Based on its observations at Cushing, the state felt that simply modifying the wells and shutting down those that were considered too deep would be a solution. About 200 of the deeper wells were plugged.
Baker says there was "some success, but it was measured. It wasn't enough to solve the problem."
Now the state is phasing in a plan that will reduce the amount of waste water injected into more than 600 wells by up to 40 per cent.
The plan is in its early stages and earthquakes in Oklahoma are down, according to Baker, but he admits it's hard to determine if that's because of regulation or the fact the downturn in oil prices has curtailed drilling substantially.
The meeting in Reno last week drew nearly 700 seismologists and other experts from government, academia and industry.
During a full-day session on induced earthquakes, 29 scientists presented new research in a series of 15-minute oral presentations, while 35 researchers presented new findings in poster presentations.
The cumulative volume of research leaves little doubt about the link between fracking and earthquakes. One point of debate that did emerge is the significant difference between how the quakes are caused in Canada and the U.S.
In Oklahoma, the earthquakes are blamed on the industry practice of injecting waste water from oil production into wells dug deep into the ground. This causes changes in underground pressure and deep underground faults to slip, resulting in earthquakes.
In Canada, the direct action of fracking is blamed, as less water is used and injected back into the ground.
University of Calgary seismologist David Eaton says in the past six years, 90 per cent of earthquakes larger than magnitude three taking place in the Western Canada Sedimentary Basin can be linked to fracking or waste water disposal. The vast majority — 62 per cent — are directly linked to fracking.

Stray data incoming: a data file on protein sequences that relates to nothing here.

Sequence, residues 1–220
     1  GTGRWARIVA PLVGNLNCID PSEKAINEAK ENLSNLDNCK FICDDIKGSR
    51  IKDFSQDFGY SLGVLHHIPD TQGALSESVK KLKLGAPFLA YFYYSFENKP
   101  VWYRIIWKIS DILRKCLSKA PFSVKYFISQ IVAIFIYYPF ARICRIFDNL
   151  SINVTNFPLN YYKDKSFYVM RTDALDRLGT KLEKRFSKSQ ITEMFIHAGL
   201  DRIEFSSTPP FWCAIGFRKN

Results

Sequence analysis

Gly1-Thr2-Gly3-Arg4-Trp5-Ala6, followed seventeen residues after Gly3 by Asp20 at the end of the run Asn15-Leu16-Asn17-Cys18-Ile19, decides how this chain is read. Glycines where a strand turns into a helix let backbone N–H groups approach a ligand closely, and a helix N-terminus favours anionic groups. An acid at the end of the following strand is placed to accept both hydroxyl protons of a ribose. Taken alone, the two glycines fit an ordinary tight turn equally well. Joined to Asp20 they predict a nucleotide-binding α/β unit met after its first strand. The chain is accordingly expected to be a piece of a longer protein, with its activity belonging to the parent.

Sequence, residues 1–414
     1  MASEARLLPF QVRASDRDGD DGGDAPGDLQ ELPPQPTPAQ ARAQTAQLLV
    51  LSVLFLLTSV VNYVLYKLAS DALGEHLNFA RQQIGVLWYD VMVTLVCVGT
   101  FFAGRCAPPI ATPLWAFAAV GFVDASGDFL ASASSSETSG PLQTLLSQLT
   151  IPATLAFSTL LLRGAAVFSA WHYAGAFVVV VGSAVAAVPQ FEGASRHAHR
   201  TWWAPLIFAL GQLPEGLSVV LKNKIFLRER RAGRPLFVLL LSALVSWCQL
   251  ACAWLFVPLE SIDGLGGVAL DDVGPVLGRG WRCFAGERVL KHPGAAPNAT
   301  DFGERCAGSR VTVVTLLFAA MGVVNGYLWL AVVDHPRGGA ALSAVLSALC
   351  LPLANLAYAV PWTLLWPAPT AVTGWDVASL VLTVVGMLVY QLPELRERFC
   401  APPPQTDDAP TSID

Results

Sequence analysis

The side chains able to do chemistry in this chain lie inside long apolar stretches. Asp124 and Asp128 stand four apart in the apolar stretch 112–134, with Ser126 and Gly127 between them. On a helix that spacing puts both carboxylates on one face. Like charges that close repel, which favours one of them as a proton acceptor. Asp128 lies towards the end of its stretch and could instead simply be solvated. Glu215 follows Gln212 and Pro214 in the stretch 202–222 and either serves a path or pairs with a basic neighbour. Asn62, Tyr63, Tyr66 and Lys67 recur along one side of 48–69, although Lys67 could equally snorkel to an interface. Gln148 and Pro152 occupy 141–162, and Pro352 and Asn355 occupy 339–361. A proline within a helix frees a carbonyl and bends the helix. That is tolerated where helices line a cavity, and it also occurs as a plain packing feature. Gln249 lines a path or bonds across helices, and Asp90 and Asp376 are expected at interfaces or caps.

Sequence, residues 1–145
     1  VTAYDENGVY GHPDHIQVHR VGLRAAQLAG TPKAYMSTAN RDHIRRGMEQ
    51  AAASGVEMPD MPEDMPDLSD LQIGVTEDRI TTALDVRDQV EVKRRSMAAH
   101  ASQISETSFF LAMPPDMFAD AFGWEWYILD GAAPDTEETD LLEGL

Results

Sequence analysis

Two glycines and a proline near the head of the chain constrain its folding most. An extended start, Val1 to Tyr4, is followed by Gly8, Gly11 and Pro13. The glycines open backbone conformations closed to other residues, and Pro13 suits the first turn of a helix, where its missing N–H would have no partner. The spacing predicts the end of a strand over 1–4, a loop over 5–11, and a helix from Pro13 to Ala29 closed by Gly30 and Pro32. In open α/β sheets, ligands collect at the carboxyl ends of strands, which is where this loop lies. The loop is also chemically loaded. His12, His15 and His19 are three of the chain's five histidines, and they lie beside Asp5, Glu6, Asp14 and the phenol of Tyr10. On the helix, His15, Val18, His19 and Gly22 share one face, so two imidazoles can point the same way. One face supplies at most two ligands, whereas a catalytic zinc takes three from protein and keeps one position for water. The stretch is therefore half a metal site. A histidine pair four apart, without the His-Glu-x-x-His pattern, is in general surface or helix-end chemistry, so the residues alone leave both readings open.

He believes that like those in Oklahoma, the earthquakes are being caused by changes in pressure underground.
Atkinson believes part of the difference between Canadian and U.S. quakes can be attributed to different geology.
"There's evidence that the types of formations that are being explored have differences that would explain why hydraulic fracturing is so much more likely to induce seismicity in Western Canada than it is in Oklahoma."
Another key difference is the earthquakes in Canada have so far caused very little damage.
Part of the reason may be that the larger Canadian quakes have happened in largely isolated areas, where the Oklahoma quakes have affected highly populated areas.
Atkinson warns that Canadians shouldn't get complacent.
"As much as it would be nice to say we've had magnitude four and a half earthquakes in Western Canada and we haven't seen any damage yet and therefore we'll never see any damage, I don't think you can reach that conclusion."
Canadian researchers are now turning their sights toward learning how to better predict which fracking operations might cause earthquakes.
"The first level of mitigation is avoidance. So if we know that there's a problem and we can map areas where it's more problematic ... then what we need to do is design strategies that would minimize risk within those areas," says Eaton.
Putting an end to fracking isn't on the table on either side of the border. Regulators in Oklahoma, B.C. and Alberta are instead looking toward regulations and changing industry practices as a means to mitigate the damage.
But no one really knows if that will help stop the shaking, and no one even knows whether an end to fracking altogether would be enough to completely stop the earthquakes.
- This story originally reported that In Oklahoma, a number of earthquakes have been blamed on the industry practice of injecting waste water from fracking operations into wells dug deep into the ground. In fact, they are blamed on the injection of waste water from oil production into wells.Apr 28, 2016 8:08 AM MT
- This story originally quoted University of Calgary seismologist David Eaton saying that in the past six years, 90 per cent of earthquakes larger than magnitude three taking place in Western Canada can be linked to fracking or waste water disposal. He was actually referring to earthquakes in the Western Canada Sedimentary Basin.Apr 28, 2016 8:05 AM MT